Francis of Assisi is one of those luminaries of the Catholic Church whose name, like Anthony and Benedict, is virtually synonymous with monasticism. The Order of Friars Minor (Franciscans), which he founded, grew to become one of the greatest medieval monastic orders. One of the most honored men of his day, he was canonized within two years of his death and a cathedral was built in Assisi in his honor within a decade. The Basilica of Assisi served for a time as the headquarters of the order and as a result Assisi became one of the great centers of Christian learning during the late Middle Ages. Its convenient location north of Rome attracted many overland pilgrims traveling through Italy during the Middle Ages. Today it is one of the world’s most popular and visited monasteries. The Basilica of St. Francis in Assisi is a UNESCO World Heritage Site.
Francis of Assisi was born into a reasonably well-off family, and spent most of his early years alternately enjoying the finer things in life and condemning them. By the time he turned twenty he had already spent much time soul-searching, which included service in the military, and ultimately decided on a life with the Church. Following a pilgrimage to Rome, Francis repudiated his family’s wealth, and turned to a life of poverty. As a practical mission and to make a poor living, he took to restoring church buildings in and around Assisi.
In 1209 Francis formalized his personal beliefs into an even stricter regimen of poverty and sacrifice. He went about the town and countryside in bare feet preaching the Gospel. Within a year he had a small following. These people lived together in an abandoned house, but spent most of their time emulating Francis’ example. In 1209 Francis led his group to Rome, where they petitioned the Pope to be recognized as an order. His petition was granted, and soon new disciples were flocking to join. Over the next decade Francis worked diligently to continue preaching his message, and new monasteries began to spring up all over Europe, including those of the associated female Order of Poor Dames.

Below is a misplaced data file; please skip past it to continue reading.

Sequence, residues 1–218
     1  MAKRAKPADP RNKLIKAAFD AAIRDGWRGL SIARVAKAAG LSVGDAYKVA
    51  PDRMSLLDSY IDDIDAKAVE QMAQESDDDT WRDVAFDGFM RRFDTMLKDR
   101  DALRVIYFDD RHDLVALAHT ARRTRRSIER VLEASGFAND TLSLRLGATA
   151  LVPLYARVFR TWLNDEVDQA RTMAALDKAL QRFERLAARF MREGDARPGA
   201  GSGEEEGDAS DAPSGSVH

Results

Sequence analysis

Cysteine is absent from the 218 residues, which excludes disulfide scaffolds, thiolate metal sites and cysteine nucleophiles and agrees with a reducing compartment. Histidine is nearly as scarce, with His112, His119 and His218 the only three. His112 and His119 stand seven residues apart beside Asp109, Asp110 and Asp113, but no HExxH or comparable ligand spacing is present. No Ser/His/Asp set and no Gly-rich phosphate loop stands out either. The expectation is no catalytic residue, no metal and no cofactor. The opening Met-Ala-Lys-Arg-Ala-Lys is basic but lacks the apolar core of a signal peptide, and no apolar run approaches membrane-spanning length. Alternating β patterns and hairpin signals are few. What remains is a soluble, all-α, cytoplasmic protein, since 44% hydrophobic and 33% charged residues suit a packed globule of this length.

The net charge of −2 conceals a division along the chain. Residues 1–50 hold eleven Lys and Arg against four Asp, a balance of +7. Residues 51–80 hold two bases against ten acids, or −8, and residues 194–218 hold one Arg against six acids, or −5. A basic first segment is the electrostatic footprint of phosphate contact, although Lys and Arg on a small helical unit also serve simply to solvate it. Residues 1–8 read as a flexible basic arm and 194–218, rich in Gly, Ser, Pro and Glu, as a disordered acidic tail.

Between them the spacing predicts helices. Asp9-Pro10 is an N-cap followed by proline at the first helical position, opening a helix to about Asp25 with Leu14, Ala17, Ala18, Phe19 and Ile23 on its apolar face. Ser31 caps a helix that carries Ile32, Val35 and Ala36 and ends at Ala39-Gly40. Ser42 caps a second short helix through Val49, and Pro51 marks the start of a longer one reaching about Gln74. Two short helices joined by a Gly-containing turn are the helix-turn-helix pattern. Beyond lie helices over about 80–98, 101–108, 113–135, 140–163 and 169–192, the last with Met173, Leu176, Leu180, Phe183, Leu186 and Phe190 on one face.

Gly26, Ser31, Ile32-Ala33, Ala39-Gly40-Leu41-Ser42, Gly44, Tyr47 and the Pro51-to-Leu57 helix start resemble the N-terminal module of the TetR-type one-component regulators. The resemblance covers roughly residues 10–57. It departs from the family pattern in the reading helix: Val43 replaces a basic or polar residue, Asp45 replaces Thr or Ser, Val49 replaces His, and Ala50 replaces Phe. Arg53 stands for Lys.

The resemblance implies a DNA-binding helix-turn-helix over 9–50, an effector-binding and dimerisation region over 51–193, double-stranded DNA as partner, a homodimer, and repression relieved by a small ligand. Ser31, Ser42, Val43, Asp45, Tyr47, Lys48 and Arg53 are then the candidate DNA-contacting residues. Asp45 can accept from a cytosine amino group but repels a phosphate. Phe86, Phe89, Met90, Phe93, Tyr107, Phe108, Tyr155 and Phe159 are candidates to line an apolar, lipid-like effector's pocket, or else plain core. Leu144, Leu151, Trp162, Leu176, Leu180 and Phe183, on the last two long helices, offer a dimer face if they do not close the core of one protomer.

In later years, Francis went on a heroic journey to the Holy Land, where he preached in Islamic Egypt, fought in the Crusades and visited the Holy Sites of Palestine. He returned to Italy in 1220, and spent much of the remainder of his life organizing his increasingly popular brotherhood. In 1223 the Rule of the Franciscans was completed. According to tradition, Francis received the Stigmata soon afterwards. By the time Francis of Assisi passed away in 1226, he had established one of Christianity’s largest and most energetic monastic organizations.
Unfortunately, the Franciscans were susceptible to the usual petty rivalries that plague such brotherhoods when they grow too large, and as a result the Order went through several centuries of infighting and disunity after its founder’s death. Because of this the Franciscans were overshadowed by their contemporaries, the Dominicans. After the Reformation, most of what was left of the Franciscans was consolidated. The friary at Assisi and the basilica that was built there shortly after his death have for the last eight centuries remained both the spiritual and political heart of the order as well as one of the world’s most beautiful monasteries. It remains a popular monastic retreat.
Built on a hill overlooking the town of Assisi, the Basilica of St. Francis and the neighboring friary are more than worthy of their setting. It is easy to see why the beautiful spot became a favorite of Francis. The white brick complex actually consists of an upper and lower basilica, the latter containing the crypt. Among the great artists who contributed their efforts to the church was Giotto Di Bondone. In 1818 St. Francis’ stone and iron tomb was disinterred and put on display in the crypt. In addition to Francis, five other important early Franciscans are buried here, including Jacopa dei Settesoli, a woman who funded much of the Order’s early activities.
Next door to the basilica is the friary, one of the largest and most magnificent monasteries in Europe. It surrounds most of the basilica like a great columned Roman villa. Constructed of white and pink marble and other expensive materials, the display of wealth at the friary was partly responsible for the order’s infighting. Much of the wealth used to improve the friary came from Pope Sixtus IV, who himself had once spent time as a Franciscan. Among the monastery’s treasures is one of Europe’s largest medieval libraries as well as a substantial collection of Christian art.
The Basilica of St. Francis overlooks Assisi, a small town about a hundred miles north of Rome. It is accessible by public transportation or a long uphill walk from the center of town. The basilica and crypt is open daily from 6:00am-7:00pm. There is no admission charge. Web: www.sanfrancescoassisi.org (official website)
St. Francis was apparently fond of his hometown, and made a regular habit of visiting many of its people and places. The Chapel of St. Mary of the Angels just outside of Assisi, which he helped to repair during his early ministry, was one of his favorite haunts. While St. Francis was buried in his own church on the hillside, the people of town could not bear to part with his effects. The Basilica of Santa Chiara now claims his only possessions, a tunic and a pair of sandals.
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